Medical-device makers are hitting their stride, and that is translating into job opportunities for technical workers. Michael Holder, chief executive...
DALLAS — Medical-device makers are hitting their stride, and that is translating into job opportunities for technical workers.
Michael Holder, chief executive of Organ Transport System, has seen his company grow from a one-man operation to a team of six in the past few years.
Now he’s making room for even more.
“Our hiring plans will be over the next 12 months to add maybe 10 people,” he said. “A couple of those people will need to have engineering backgrounds in order to work with and help move forward our design and manufacturing processes.”
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Organ Transport does exactly what the name suggests — it makes transport devices for human organs that are bound for transplant.
The company is one of three housed in the North Texas Enterprise Center for Medical Technology, a business incubator started by the city of Frisco, Texas, for medical device and health-care-related information-technology startups.
The other tenants are UltraSensitive Detection Technologies, which makes sensors to detect chemical and biological agents, and OxySure Systems, which has created a portable oxygen generator for use in medical emergencies.
Larry Calton, executive director of the center, said all three firms are hiring or getting ready to hire technical professionals.
He said medical-device firms are growing because they make products that are vital to a growing segment of the population.
“Demographics is probably at the very top level of this, driving it,” he said. “You’ve got an aging population. When you’re sick, you want to get well. So there’s a built-in demand. It’s somewhat less cyclical than other industries.”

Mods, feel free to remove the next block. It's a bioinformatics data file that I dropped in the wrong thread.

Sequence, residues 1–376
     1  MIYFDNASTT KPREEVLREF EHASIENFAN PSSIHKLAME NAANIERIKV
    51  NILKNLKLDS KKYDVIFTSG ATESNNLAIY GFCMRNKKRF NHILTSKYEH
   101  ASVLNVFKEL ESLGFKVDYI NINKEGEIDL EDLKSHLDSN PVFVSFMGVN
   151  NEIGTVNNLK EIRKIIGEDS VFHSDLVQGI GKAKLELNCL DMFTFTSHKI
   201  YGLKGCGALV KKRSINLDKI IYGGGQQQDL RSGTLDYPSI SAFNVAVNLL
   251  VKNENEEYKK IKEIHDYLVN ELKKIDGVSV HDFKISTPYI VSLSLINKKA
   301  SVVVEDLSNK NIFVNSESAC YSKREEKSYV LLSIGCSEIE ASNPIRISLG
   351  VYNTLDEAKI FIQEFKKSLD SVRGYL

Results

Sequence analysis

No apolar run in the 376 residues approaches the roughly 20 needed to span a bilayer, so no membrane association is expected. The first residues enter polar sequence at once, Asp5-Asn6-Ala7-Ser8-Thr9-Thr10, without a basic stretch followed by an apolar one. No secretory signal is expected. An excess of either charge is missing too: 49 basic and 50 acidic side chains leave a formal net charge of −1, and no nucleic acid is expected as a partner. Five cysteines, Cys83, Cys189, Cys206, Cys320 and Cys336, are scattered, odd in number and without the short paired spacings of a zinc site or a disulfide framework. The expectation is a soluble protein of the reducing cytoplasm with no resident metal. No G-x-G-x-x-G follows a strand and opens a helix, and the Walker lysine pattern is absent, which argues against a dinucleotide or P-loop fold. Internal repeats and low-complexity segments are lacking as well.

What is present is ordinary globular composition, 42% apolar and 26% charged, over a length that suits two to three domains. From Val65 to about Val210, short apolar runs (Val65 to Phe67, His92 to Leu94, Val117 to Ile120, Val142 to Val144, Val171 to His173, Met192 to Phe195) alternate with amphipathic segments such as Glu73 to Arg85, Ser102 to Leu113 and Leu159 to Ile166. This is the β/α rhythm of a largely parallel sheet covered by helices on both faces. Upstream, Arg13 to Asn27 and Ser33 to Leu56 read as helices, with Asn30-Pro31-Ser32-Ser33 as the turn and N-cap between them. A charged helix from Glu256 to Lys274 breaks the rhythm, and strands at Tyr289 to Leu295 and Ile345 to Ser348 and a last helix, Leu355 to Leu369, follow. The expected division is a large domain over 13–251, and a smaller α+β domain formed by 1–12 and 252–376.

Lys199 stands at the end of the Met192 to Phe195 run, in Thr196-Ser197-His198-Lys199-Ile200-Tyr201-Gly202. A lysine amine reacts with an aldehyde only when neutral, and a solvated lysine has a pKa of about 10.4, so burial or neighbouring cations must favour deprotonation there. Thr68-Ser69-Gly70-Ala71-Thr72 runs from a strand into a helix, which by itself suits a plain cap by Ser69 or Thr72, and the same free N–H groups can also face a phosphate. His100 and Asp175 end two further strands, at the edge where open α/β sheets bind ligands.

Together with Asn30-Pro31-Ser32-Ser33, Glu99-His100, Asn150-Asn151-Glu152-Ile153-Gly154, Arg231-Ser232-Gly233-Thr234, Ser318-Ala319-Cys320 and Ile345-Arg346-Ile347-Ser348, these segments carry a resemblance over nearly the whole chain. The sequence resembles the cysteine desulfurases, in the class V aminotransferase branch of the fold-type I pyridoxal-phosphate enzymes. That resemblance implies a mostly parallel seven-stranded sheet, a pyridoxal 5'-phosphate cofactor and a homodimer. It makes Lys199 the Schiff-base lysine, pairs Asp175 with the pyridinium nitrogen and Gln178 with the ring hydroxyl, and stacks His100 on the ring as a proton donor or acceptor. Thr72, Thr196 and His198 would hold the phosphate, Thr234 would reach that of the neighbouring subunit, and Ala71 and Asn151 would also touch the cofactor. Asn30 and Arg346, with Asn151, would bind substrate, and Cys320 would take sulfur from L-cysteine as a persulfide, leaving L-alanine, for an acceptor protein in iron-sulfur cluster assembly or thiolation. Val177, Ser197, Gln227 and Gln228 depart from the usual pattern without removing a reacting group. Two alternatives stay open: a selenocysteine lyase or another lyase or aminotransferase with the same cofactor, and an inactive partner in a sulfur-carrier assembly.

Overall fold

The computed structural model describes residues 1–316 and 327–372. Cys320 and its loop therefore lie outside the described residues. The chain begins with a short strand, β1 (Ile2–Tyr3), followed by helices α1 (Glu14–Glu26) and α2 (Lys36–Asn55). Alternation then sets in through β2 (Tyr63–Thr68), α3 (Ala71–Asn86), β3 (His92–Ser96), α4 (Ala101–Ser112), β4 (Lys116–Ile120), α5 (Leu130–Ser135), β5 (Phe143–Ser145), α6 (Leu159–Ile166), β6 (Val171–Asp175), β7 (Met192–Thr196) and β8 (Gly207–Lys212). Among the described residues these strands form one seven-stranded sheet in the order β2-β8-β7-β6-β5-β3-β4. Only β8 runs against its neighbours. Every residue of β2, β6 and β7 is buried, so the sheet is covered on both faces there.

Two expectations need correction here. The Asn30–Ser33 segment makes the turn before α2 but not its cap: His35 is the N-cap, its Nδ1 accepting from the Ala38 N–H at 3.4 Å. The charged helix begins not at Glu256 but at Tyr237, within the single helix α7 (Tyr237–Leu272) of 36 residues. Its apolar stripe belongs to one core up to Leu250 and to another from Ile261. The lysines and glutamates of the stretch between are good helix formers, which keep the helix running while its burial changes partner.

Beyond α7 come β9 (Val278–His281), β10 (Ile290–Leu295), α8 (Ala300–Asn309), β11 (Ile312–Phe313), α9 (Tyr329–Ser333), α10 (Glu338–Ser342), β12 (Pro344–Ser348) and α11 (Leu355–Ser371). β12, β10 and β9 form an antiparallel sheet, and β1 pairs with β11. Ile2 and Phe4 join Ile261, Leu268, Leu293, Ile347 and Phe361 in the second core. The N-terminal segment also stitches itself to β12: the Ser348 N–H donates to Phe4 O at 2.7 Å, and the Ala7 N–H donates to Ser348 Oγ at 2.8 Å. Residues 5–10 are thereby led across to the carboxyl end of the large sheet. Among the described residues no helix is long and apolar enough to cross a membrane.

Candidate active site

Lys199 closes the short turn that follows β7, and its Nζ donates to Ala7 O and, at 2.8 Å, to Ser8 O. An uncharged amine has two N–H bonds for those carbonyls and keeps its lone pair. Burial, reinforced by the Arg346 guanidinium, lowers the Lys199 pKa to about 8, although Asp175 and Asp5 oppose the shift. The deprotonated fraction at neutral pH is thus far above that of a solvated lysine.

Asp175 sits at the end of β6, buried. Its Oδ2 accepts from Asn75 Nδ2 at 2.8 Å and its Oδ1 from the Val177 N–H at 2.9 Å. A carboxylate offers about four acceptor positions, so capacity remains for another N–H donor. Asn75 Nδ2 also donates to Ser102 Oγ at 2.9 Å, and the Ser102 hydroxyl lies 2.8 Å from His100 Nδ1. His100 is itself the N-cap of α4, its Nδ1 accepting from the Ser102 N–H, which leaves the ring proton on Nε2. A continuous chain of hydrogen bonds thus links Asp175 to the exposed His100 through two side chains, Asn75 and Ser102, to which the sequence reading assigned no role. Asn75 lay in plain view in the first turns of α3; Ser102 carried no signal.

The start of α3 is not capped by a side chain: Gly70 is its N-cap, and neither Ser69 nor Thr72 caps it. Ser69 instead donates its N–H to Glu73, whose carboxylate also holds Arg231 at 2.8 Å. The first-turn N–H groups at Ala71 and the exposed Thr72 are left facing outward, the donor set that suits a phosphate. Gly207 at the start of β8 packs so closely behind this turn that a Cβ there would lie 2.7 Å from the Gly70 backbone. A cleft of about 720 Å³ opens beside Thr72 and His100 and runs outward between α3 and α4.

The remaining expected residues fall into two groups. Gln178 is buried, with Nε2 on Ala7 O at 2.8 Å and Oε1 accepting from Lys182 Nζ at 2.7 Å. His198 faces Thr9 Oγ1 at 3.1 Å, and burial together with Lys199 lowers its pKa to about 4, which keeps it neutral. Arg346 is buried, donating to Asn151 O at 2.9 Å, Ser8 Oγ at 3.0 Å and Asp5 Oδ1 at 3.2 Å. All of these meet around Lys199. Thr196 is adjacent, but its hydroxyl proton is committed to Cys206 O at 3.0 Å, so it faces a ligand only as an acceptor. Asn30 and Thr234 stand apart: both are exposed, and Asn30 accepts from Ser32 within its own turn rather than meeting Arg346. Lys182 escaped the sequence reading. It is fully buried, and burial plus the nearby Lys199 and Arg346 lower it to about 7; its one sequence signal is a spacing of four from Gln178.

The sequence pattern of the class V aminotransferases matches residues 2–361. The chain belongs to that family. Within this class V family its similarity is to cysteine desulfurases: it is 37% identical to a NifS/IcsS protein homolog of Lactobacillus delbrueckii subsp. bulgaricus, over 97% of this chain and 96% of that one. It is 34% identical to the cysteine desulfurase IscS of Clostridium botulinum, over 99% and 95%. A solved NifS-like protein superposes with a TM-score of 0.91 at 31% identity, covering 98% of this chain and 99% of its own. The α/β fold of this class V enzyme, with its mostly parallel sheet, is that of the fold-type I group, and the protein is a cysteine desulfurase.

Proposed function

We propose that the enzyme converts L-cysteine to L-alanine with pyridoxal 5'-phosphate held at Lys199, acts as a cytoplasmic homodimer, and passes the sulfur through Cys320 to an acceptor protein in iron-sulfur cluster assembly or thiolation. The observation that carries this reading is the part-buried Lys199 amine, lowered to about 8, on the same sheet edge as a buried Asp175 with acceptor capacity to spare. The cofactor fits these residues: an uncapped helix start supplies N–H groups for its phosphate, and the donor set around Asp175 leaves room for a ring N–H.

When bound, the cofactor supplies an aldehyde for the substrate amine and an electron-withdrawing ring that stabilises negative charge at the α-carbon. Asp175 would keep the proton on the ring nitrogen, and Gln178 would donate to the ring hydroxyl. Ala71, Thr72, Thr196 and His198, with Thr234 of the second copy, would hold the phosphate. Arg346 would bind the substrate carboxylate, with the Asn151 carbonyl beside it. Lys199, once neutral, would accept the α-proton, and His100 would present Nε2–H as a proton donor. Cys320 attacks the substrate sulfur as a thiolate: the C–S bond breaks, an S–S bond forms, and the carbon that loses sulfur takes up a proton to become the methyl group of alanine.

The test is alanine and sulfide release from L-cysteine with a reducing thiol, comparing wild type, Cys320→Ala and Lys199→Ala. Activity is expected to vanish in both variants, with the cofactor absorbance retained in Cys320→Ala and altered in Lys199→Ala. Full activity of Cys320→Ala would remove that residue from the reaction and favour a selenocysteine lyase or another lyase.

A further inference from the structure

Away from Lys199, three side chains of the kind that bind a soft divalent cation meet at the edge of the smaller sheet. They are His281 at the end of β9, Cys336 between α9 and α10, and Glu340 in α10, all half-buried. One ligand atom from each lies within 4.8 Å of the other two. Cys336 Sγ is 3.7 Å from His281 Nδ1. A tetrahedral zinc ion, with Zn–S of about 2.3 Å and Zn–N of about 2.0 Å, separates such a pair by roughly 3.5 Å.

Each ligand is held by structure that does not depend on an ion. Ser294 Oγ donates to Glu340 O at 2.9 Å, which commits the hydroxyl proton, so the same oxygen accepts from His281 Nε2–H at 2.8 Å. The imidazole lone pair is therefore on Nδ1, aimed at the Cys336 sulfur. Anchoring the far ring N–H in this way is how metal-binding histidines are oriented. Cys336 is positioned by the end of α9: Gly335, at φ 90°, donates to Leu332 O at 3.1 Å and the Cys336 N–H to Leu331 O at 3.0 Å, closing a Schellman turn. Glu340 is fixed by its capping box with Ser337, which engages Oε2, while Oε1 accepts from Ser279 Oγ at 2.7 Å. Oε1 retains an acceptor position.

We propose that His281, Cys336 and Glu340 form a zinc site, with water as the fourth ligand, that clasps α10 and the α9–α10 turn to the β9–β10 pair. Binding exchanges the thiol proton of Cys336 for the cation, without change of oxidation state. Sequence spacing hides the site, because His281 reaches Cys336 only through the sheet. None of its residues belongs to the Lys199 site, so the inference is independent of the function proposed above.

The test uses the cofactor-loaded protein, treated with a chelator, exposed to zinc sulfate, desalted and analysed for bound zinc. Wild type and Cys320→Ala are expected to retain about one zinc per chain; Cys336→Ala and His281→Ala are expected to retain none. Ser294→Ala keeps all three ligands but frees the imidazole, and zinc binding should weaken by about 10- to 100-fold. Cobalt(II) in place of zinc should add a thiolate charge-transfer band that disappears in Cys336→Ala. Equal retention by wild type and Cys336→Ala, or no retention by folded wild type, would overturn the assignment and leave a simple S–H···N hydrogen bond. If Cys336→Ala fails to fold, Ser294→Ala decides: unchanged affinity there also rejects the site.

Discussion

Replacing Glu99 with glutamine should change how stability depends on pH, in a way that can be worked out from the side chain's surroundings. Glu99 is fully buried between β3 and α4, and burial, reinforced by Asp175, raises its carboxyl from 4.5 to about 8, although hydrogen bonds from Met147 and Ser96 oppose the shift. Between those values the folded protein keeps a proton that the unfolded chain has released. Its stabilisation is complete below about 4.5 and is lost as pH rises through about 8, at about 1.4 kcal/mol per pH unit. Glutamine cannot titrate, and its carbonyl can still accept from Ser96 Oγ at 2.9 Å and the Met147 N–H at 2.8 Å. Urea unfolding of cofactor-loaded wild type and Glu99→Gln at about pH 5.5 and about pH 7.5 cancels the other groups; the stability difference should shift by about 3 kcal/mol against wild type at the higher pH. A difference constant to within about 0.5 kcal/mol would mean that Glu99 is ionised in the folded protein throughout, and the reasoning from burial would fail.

Within the young industry, many medical-device companies are not yet profitable.
But venture-capital investors are picking up the slack and pouring money into the field.
These firms — which invest money in young companies in hopes that the investments will increase in value when the companies are sold or go public — invested $1.72 billion in medical device and equipment makers in 2004.
That was up from $1.61 billion in 2003, according to the National Venture Capital Association.
And the pace of new investment seems to be accelerating. In first quarter 2005, medical device and equipment venture funding hit $444.5 million, compared with $343.8 million in first quarter 2004.
As medical-device firms absorb that cash infusion, they’ll hire new workers to turn those investments into products, Calton said.
Holder said he will need electrical engineers and bioengineers in particular, but medical-device experience is not required.
The medical-device field is clearly attractive to many engineers.
A survey published in December’s Medical Device & Diagnostic Industry trade journal found that the median salary for product-design engineers in the industry is $89,000.
Nearly three-quarters of the product-design engineers employed in the medical-device field say they’re not even thinking about looking for a different job.
That’s not to say their careers will be uneventful. More than 40 percent of those polled said their firms had been involved in mergers or acquisitions in the past year.